THIRTEEN’s The Talk – Race in America Tackles the Issue of Young People of Color and Their Uneasy Encounters With Law Enforcement. It premieres Monday, February 20, 9 p.m. on PBS. In anticipation of that premiere Tumblr and THIRTEEN  have convened officers, advocates and policy experts to discuss the state of community policing in the United States. 

Dr. Bryant T. Marks is a National Trainer on Implicit Bias and Community Policing. He has trained over 1,000 police chiefs via a series of White House briefings, and several thousand patrol officers through small group workshops in police departments across the country. He is a professor of psychology at Morehouse College and also serves as a Senior Research Fellow with the Campaign for Black Male Achievement.

John Matthews is the Executive Director of the Community Safety Institute (CSI) and a former Chief of Police. John developed and implemented community policing for the Dallas Police Department in the 1990’s and has worked nationally on scores of COPS Office initiatives over the past twenty years developing over 100 community policing training programs. John also serves as the Director of Federal Partnerships for the National Law Enforcement Officers Memorial Fund and was a member of the White House 21st Century Policing team.

Bakari Kitwana is the executive director of Rap Sessions, which is currently touring the nation leading town hall discussions on the theme “Run Toward Fear: Millennial Activists and Social Justice in the Trump Era” He is the author of The Hip-Hop Generation: Young Blacks and the Crisis in African-American Culture the forthcoming Hip-Hop Activism in the Obama Era.

Trevena Garel is a retired New York City Police Sergeant. During her 21-year career Trevena served as both an undercover and an investigator in the NYPD’s Chief of Patrol’s Investigation and Evaluation Section, investigating allegations of misconduct involving both uniformed and/or civilian members of the NYPD. Trevena has had “The Talk” with her three children and her two oldest grandchildren.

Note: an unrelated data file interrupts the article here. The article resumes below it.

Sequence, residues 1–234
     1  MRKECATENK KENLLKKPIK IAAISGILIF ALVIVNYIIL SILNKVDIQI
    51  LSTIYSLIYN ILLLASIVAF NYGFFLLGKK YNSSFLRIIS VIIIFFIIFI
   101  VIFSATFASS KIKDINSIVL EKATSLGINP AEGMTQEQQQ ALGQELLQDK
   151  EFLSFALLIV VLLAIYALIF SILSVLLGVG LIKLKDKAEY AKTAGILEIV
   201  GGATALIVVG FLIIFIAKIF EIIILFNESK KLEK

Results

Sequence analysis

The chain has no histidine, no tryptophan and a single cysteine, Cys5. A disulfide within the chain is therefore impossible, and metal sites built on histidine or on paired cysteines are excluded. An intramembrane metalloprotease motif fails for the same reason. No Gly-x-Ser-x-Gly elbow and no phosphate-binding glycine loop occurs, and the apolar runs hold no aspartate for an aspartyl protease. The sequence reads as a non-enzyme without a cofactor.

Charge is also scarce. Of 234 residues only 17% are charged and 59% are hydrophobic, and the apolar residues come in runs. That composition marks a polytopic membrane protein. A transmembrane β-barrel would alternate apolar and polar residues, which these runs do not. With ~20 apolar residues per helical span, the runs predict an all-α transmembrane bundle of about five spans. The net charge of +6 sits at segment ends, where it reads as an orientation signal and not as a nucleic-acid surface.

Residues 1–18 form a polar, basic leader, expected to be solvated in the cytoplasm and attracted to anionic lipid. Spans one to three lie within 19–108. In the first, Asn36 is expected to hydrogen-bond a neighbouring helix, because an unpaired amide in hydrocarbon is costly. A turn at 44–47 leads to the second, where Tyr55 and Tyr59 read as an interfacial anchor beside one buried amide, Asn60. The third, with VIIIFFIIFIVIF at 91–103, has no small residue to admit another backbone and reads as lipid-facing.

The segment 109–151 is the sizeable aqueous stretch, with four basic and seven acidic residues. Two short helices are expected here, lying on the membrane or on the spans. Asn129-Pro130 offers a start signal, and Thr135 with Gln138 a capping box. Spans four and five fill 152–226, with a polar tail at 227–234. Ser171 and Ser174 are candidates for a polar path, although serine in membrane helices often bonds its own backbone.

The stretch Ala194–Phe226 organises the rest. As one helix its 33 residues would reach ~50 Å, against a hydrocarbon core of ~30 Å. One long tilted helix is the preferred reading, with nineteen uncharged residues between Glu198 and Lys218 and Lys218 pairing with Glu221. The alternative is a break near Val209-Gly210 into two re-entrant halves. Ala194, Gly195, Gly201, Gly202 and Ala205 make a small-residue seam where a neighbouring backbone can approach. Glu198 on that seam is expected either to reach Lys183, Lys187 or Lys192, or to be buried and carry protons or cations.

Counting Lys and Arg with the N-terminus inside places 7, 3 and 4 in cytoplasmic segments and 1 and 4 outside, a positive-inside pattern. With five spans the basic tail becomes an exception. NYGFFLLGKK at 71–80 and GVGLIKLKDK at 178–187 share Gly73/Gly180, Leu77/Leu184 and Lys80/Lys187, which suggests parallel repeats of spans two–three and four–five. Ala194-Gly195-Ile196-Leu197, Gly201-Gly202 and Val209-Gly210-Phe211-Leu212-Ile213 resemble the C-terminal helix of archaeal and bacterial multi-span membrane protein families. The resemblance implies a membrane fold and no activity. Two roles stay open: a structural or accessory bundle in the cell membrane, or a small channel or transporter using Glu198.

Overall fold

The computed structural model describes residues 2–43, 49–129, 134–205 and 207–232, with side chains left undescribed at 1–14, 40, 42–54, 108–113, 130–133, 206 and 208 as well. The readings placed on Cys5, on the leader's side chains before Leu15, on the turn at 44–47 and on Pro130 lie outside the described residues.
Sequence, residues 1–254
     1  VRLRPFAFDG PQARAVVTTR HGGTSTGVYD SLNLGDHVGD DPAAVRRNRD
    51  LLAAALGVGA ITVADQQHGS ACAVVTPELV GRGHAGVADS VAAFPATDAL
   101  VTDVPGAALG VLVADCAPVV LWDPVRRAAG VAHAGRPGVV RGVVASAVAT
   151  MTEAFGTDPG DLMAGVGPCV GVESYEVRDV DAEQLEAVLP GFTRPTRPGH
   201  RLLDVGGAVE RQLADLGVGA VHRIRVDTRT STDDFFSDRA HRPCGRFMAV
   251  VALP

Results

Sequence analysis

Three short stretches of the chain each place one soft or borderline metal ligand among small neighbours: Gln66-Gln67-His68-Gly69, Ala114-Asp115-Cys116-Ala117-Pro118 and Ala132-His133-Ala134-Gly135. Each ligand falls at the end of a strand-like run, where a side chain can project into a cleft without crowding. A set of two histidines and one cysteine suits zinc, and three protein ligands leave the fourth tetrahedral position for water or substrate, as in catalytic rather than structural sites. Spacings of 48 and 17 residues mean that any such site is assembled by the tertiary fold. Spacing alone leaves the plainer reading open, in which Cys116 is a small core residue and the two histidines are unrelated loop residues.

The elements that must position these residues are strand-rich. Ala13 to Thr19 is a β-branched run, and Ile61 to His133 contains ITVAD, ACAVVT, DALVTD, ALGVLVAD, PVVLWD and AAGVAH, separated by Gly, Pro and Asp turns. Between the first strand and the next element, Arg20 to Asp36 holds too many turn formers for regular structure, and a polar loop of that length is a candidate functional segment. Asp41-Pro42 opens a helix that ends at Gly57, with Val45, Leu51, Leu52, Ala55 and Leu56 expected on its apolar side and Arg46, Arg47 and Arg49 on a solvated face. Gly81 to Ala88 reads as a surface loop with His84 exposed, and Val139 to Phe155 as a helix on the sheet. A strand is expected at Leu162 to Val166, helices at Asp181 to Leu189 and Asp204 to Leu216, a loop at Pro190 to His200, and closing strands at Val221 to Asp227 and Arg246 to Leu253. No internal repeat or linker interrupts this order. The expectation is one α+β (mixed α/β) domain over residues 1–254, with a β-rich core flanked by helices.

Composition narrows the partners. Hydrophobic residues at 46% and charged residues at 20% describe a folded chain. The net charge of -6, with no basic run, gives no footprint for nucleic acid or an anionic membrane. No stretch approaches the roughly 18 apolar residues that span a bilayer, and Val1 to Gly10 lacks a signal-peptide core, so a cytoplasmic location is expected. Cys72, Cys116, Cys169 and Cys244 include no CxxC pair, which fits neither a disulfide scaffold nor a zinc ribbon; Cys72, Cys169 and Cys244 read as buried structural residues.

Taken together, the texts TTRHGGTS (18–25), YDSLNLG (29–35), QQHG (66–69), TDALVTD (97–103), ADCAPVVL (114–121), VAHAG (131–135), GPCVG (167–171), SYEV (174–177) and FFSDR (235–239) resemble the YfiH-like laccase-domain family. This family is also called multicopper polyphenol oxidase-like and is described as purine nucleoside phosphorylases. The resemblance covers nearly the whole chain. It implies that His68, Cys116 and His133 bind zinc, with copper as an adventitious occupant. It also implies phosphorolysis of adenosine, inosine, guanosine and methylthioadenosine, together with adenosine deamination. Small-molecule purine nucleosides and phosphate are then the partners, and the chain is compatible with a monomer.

Chief Michael Koval began his career with the Madison Police Department in 1983. Before becoming the Chief in 2014 he was the Sergeant of Recruitment and Training for 17 years. He has a law degree from William Mitchell College of Law.

The Ask Box is now open.  Ask our panelists a question!

Our panelists will start responding on Saturday, February 18. 

Hello! It’s #optomstudies here again with another Sunday Study Tip on university life! This will be a multi-part series that hopefully will give a unique insight, since I can go on and on about university, and I love giving advice and helping others :)


PART 0: CHOOSING A DEGREE

Here I’ve put together a list of 20 things that you might not be told outright when choosing your university degree. @exeron

General Starting Tips During High School

  • It doesn’t matter what subjects you do in senior year, so don’t worry about bonus points, as long as you get a high enough ATAR so that you can keep your options open. Play to your strengths.
  • But! On the other hand, don’t take history and visual arts for your HSC and expect to be at the same level as your peers when you take a B Science (Advanced Mathematics) degree. You need that calculus knowledge. (Most of the time this isn’t a problem, because most people will choose a degree that aligns with their interests in high school). Again, play to your strengths.
  • Keep on top of your extra-curricular activities in case you need to go for an interview like with medicine.
  • Some degrees like optometry, medicine, law, etc. require additional exams like UMAT, so find out early, pay for the tests and mark it down on your calendar so that you don’t forget.
    • Up to you whether you want to pay extra for coaching, but anecdotally, I didn’t do any coaching and did fine. I had many friends who did coaching and ended up doing poorly.